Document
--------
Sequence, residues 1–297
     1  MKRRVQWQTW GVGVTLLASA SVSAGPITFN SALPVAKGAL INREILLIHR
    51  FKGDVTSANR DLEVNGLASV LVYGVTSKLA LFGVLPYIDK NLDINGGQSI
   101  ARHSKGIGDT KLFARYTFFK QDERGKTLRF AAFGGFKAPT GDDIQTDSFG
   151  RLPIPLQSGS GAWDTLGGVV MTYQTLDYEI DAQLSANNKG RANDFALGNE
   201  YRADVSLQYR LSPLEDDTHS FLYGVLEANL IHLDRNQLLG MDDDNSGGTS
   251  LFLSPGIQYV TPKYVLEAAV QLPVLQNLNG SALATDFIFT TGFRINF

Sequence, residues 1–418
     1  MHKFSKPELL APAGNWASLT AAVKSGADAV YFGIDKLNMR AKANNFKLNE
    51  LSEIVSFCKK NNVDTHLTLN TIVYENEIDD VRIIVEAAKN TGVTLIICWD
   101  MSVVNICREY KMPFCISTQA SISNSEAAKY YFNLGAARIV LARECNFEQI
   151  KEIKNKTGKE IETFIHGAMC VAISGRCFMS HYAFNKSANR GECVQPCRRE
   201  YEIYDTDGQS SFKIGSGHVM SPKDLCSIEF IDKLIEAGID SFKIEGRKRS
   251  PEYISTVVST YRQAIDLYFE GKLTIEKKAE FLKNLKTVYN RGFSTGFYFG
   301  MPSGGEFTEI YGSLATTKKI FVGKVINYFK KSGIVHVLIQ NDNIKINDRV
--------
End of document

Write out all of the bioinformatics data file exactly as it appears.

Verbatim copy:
Sequence, residues 1–297
     1  MKRRVQWQTW GVGVTLLASA SVSAGPITFN SALPVAKGAL INREILLIHR
    51  FKGDVTSANR DLEVNGLASV LVYGVTSKLA LFGVLPYIDK NLDINGGQSI
   101  ARHSKGIGDT KLFARYTFFK QDERGKTLRF AAFGGFKAPT GDDIQTDSFG
   151  RLPIPLQSGS GAWDTLGGVV MTYQTLDYEI DAQLSANNKG RANDFALGNE
   201  YRADVSLQYR LSPLEDDTHS FLYGVLEANL IHLDRNQLLG MDDDNSGGTS
   251  LFLSPGIQYV TPKYVLEAAV QLPVLQNLNG SALATDFIFT TGFRINF

Sequence, residues 1–418
     1  MHKFSKPELL APAGNWASLT AAVKSGADAV YFGIDKLNMR AKANNFKLNE
    51  LSEIVSFCKK NNVDTHLTLN TIVYENEIDD VRIIVEAAKN TGVTLIICWD
   101  MSVVNICREY KMPFCISTQA SISNSEAAKY YFNLGAARIV LARECNFEQI
   151  KEIKNKTGKE IETFIHGAMC VAISGRCFMS HYAFNKSANR GECVQPCRRE
   201  YEIYDTDGQS SFKIGSGHVM SPKDLCSIEF IDKLIEAGID SFKIEGRKRS
   251  PEYISTVVST YRQAIDLYFE GKLTIEKKAE FLKNLKTVYN RGFSTGFYFG
   301  MPSGGEFTEI YGSLATTKKI FVGKVINYFK KSGIVHVLIQ NDNIKINDRV